News hardware Starlink: this unofficial use of SpaceX satellites does not please Elon Musk at all
If the Starlink system is essentially intended to offer a very high speed Internet connection to the whole planet, using satellites in low orbit, researchers have decided to use this solution differently. But this circumvention of the SpaceX solution does not please Elon Musk.
If Elon Musk has a tendency to experiment with just about anything that comes to mind when it comes to new technologies, which may as well be a not very agile humanoid robot or a futuristic armored car, sometimes the billionaire aims right the first time. This was the case with Starlink, its network of satellites deployed in low orbit, attached to its aerospace company SpaceX.
Starlink’s proposal is simple: allow anyone to connect to the Internet anywhere in the world, including where there was no other network accessible before the arrival of this solution. While Starlink is frowned upon by many astronomers and scientists, who believe sending tens of thousands of satellites into low orbit poses a risk to skywatching, it’s hard to deny that this technology also has the potential to change the lives of millions of people who are still deprived of a stable connection to this day.
A use of Starlink that could have pushed SpaceX into bankruptcy
Starlink is gradually evolving in its offer. One of the most recent novelties concerns Starlink RV, a portable terminal that can be used while traveling, and even in a moving vehicle. Approved by the FCC in the United States, this solution is particularly offered to yacht owners who are willing to pay 5000 euros per month to be connected to the Internet even in the middle of the ocean.
But, surprising as it may seem, there are useful aspects of Starlink that Elon Musk decided to leave out. Among them are the possibility of using this satellite network as a GPS. However, SpaceX engineers presented a project highlighting this possibility in 2020, and it was even appreciated by the company’s leaders. However, it was Elon Musk himself who vetoed : “Elon explained to the leaders that all other communication networks in low Earth orbit had gone bankrupt” says Todd Humphreysa University of Texas researcher whose work is funded by the US military. “SpaceX had to focus entirely on avoiding bankruptcy, so no distractions were allowed”.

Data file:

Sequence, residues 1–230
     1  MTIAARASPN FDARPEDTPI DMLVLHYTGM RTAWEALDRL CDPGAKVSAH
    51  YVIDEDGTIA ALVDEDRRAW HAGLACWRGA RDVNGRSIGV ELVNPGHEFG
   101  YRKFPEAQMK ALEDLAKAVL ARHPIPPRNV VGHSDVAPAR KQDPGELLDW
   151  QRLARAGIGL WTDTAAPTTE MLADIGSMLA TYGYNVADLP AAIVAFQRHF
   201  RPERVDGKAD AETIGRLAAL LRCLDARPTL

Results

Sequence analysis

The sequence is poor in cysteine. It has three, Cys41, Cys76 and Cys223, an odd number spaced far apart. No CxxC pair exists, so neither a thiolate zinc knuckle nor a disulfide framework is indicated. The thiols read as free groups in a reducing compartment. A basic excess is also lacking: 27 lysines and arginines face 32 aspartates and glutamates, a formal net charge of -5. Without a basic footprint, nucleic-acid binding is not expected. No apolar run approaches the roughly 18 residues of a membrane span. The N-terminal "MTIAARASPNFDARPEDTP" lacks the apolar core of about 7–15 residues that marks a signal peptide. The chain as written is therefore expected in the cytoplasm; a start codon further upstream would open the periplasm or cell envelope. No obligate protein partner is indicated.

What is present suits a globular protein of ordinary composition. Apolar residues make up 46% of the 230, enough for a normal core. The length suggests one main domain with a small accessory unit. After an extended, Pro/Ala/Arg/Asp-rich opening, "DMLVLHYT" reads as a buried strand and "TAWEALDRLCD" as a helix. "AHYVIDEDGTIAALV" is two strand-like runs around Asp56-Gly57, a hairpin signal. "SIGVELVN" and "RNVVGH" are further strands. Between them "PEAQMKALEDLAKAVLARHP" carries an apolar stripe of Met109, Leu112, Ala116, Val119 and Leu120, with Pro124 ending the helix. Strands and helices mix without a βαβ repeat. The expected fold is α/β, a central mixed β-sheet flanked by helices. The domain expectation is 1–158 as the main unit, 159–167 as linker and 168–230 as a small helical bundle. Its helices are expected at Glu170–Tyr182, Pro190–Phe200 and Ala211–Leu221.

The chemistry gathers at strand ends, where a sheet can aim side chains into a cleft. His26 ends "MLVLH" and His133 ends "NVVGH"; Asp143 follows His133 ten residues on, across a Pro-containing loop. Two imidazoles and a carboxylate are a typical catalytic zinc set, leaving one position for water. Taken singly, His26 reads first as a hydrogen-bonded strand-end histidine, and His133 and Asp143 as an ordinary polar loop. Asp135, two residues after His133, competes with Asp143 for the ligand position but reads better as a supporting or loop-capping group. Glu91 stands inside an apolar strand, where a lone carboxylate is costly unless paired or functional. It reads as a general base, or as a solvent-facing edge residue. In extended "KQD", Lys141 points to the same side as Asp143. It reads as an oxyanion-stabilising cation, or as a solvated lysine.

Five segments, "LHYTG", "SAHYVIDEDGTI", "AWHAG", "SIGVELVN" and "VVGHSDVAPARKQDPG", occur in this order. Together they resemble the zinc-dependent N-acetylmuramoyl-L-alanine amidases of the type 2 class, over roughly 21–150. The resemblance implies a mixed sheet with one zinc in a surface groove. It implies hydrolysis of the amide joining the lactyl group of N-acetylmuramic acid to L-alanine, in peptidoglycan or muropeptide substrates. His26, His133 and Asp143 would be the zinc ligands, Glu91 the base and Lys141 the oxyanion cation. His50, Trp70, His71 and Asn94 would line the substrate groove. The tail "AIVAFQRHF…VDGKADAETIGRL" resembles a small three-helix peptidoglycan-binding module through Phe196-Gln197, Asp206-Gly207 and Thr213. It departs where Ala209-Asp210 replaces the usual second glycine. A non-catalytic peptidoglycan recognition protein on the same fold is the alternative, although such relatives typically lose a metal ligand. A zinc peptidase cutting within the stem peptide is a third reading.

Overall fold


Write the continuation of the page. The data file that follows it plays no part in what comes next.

Turning Starlink into GPS is possible
Todd Humphreys wasn’t intimidated by Elon Musk’s speech. And for good reason: he is not an employee of SpaceX. He therefore decided touse publicly available information from Starlink to develop a GPS system that uses data from SpaceX satellites. Indeed, all the details of the movements of the Starlink devices are published in real time, in order to avoid collisions in low orbit.
Humphreys’ team uses this information with a receiver responsible for capturing the signals sent by each Starlink satellite. This data makes it possible to determine their position relative to each other. By doing so, the researchers are not hacking into any Starlink data or misappropriating any information from a legal standpoint. According to Todd Humphreys, the solution thus developed displays an accuracy of about 30 meters.
A future solution? SpaceX seems dubious
The researcher believes that if SpaceX decides to collaborate concretely for the development of this solution, in particular by providing more precise data, accuracy could be reduced to less than one meter. This would make it competitive with traditional GPS, which today remains very sensitive to jamming methods.
For now, the aerospace company seems to be turning a deaf ear. It is possible that Elon Musk is not ready to take the risk of developing an expensive technology with uncertain profitability. Recently, the billionaire notably pointed out that SpaceX’s support for the Ukrainian army meant a significant shortfall for the firm., which provides free Starlink kits to the heart of the conflict. However, Elon Musk being known to change his mind regularlya reversal of the situation would not be surprising concerning this new use of its satellites.